Lemma 7.3 If T ∈L(H)is non-negative self-adjoint, then kTuk≤ 1/2 1/2 kTk (Tu,u)H , u ∈ H.

Proof : The sesquilinear form [u, v] ≡ (Tu,v)H satisfies the first two scalar- product axioms and this is sufficient to obtain

|[u, v]|2 ≤ [u, u][v, v] ,u,v∈H. (7.4) 26 CHAPTER I. ELEMENTS OF HILBERT SPACE

(If either factor on the right side is strictly positive, this follows from the proof of Theorem 4.1. Otherwise, 0 ≤ [u + tv, u + tv]=2t[u, v] for all t ∈ R, hence, both sides of (7.4) are zero.) The desired result follows by setting v = T (u) in (7.4). The operators we shall consider are the compact operators. If V,W are seminormed spaces, then T ∈L(V,W) is called compact if for any bounded sequence {un} in V its image {Tun} has a subsequence which converges in W . The essential fact we need is the following.

Lemma 7.4 If T ∈L(H)is self-adjoint and compact, then there exists a vector v with kvk =1and T (v)=µv,where|µ|=kTkL(H)>0.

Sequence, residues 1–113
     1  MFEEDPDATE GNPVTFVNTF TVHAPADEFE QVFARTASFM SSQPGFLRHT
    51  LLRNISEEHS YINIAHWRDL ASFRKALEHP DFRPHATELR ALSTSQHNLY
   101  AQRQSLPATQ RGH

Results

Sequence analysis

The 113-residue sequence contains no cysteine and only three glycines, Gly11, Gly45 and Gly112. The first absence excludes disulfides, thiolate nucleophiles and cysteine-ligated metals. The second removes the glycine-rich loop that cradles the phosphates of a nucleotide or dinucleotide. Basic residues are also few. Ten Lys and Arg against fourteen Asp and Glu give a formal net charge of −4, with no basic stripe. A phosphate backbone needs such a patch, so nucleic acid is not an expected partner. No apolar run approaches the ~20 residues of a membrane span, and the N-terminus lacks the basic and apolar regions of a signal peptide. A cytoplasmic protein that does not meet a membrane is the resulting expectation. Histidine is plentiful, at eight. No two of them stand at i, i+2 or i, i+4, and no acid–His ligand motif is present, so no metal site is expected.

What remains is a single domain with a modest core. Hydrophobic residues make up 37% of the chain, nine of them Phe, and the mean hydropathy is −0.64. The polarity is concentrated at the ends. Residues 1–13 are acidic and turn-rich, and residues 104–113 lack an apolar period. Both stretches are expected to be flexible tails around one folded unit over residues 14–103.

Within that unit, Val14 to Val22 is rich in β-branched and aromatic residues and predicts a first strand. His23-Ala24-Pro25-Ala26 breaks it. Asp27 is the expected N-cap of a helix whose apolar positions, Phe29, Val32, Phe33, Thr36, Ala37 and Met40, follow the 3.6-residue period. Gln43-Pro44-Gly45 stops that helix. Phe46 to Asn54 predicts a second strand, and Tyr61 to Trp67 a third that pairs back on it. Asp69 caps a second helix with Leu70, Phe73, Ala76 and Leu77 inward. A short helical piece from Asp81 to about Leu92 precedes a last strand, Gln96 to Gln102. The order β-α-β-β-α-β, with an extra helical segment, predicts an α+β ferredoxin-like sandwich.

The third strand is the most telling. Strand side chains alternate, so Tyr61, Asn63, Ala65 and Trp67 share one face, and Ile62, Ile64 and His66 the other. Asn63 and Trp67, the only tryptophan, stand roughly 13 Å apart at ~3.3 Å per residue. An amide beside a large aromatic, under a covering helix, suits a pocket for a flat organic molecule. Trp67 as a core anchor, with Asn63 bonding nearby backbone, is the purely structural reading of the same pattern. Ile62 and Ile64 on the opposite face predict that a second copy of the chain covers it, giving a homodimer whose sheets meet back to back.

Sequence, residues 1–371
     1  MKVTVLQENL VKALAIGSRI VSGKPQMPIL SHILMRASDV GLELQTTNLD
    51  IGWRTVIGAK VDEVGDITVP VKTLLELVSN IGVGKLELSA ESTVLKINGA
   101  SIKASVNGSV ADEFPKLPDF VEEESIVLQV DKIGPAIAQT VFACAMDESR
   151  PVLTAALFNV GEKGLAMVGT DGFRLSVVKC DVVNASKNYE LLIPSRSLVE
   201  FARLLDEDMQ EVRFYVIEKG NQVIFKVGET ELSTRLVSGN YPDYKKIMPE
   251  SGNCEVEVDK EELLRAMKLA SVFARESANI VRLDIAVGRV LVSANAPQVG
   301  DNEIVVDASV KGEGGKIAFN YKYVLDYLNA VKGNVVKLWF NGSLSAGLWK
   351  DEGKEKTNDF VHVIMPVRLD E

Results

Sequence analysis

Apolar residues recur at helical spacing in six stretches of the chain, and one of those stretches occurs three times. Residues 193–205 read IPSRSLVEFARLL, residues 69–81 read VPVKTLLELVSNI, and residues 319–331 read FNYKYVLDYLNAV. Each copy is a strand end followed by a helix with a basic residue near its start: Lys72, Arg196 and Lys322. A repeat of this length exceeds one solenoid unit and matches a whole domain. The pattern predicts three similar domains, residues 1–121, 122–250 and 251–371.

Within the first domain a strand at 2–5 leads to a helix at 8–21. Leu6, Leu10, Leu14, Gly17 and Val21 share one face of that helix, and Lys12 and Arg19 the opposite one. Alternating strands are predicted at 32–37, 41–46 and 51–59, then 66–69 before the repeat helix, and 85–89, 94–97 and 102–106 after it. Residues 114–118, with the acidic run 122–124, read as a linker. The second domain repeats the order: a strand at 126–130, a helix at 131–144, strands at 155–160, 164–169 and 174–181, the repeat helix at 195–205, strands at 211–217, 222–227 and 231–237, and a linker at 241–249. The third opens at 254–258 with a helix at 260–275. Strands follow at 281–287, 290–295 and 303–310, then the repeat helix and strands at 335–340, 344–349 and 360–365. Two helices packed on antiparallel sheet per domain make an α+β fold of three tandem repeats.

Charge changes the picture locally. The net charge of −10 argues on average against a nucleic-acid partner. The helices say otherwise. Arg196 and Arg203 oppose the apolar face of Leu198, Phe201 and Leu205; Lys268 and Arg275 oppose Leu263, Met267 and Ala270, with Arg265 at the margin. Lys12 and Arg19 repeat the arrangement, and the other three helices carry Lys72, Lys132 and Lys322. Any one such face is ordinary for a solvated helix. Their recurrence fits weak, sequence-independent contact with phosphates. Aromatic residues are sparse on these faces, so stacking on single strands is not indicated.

Proof :Ifλis defined to be kT kL(H), it follows from Theorem 2.5 that there is a sequence un in H with kunk = 1 and limn→∞ kTunk = λ.Then 2 2 2 2 2 2 ((λ − T )un,un)H =λ −kTunk converges to zero. The operator λ − T 2 2 is non-negative self-adjoint so Lemma 7.3 implies {(λ −T )un} converges to zero. Since T is compact we may replace {un} by an appropriate subsequence for which {Tun} converges to some vector w ∈ H.SinceTis continuous 2 2 there follows limn→∞(λ un) = limn→∞ T un = Tw,sow= limn→∞ Tun = λ−2T2(w). Note that kwk = λ and T 2(w)=λ2w. Thus, either (λ+T )w =06 and we can choose v =(λ+T)w/k(λ + T)wk,or(λ+T)w=0,andwecan then choose v = w/kwk. Either way, the desired result follows.

Theorem 7.5 Let H be a scalar product space and let T ∈L(H)be self- adjoint and compact. Then there is an orthonormal sequence {vj} of eigen- vectors of T for which the corresponding sequence of eigenvalues {λj} con- verges to zero and the eigenvectors are a basis for Rg(T ).

Proof : By Lemma 7.4 it follows that there is a vector v1 with kv1k =1and ⊥ T(v1)=λ1v1 with |λ1| = kT kL(H).SetH1={v1} and note T {H1}⊂H1.

Thus, the restriction T |H1 is self-adjoint and compact so Lemma 7.4 implies the existence of an eigenvector v2 of T of unit length in H1 with eigenvalue | | k k ≤| | { }⊥ λ2 satisfying λ2 = T L(H1) λ1.SetH2= v1,v2 and continue this procedure to obtain an orthonormal sequence {vj} in H and sequence {λj} in R such that T (vj)=λjvj and |λj+1|≤|λj|for j ≥ 1. Suppose the sequence {λj} is eventually zero; let n be the first integer for which λn =0.ThenHn−1 ⊂K(T), since T (vj )=0forj≥n.Alsowe ⊥ ⊥ see vj ∈ Rg(T )forj